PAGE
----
NFL players union wants to see evidence in league probe

The NFL has played three games each season in London since 2014 to sellout crowds, staging matches at both Wembley and Twickenham and will play four there during the 2017 season (AFP Photo/RONALD MARTINEZ)

Washington (AFP) - The NFL Players Association wants to see evidence supporting the league's investigation into charges of dope cheating made in a December report by Al-Jazeera America on performance-enhancing drugs.

The union's formal request was revealed Wednesday in letters sent to Adolpho Birch, the NFL vice president who sent letters to the union last week asking to investigate the four remaining active NFL players mentioned in the report -- Pittsburgh Steelers linebacker James Harrison, Green Bay Packers linebackers Clay Matthews and Julius Peppers and free agent linebacker Mike Neal.

"On behalf of Mr. Harrison, we have repeatedly requested that the NFL inform him and the NFLPA whether the NFL possesses any credible evidence (e.g., verified documents or verified testimony of witnesses) that warrants an interview of Mr. Harrison regarding a potential violation of the Policy on Performance Enhancing Substances (PES Policy)," the union's letter on behalf of Harrison said, according to a copy obtained by USA Today.

"The NFL's June 3rd response to our most recent written inquiry about this matter did not provide copies of any such credible evidence, nor did you inform us that the NFL possesses or is even aware of the existence of any such credible evidence. Thus, it appears that the entire basis for the NFL's investigation of Mr. Harrison consists of verbal remarks that appeared in a report broadcast by Al Jazeera and were subsequently recanted.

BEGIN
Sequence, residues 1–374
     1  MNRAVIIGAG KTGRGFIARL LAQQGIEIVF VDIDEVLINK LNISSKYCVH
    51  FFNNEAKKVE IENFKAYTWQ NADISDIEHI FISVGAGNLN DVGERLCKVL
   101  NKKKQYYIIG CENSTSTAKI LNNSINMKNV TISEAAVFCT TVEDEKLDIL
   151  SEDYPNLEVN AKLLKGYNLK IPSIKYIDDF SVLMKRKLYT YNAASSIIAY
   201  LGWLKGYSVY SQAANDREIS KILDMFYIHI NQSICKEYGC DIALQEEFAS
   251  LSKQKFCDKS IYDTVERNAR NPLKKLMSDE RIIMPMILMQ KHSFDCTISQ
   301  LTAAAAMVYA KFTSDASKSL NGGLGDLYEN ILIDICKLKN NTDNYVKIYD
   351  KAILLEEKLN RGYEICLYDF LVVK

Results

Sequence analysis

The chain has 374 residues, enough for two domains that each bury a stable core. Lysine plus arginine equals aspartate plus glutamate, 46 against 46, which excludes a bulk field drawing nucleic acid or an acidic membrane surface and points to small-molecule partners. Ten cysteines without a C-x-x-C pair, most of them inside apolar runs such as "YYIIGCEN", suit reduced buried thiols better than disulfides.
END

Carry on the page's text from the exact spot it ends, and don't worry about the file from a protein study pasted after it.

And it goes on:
"Especially in a business where the mere mention of a player-employee's name can generate ratings for a broadcaster, the NFLPA and Mr. Harrison do not believe that unsupported, unsubstantiated verbal remarks provide 'sufficient credible evidence' to initiate an investigation of, and require an interview with, an employee."

The union asks if any credible evidence beyond rmarks in the report exists, that it be presented to justify talking to players, saying, "please share or describe that information so that he can reassess his obligations as an employee in light of any such information."

Harrison wrote Sunday on Instagram that he would meet with the NFL in his home before the start of pre-season training but only if NFL commissioner Roger Goodell attends. The NFL wanted to speak with him on the eve of the start of Steelers training camp.

Peyton Manning, who retired from the NFL last March after leading Denver over Carolina in Super Bowl 50, was the biggest name player in the report. Manning has vehemently denied any accusations he took any performance-enhancing drug or human growth hormone.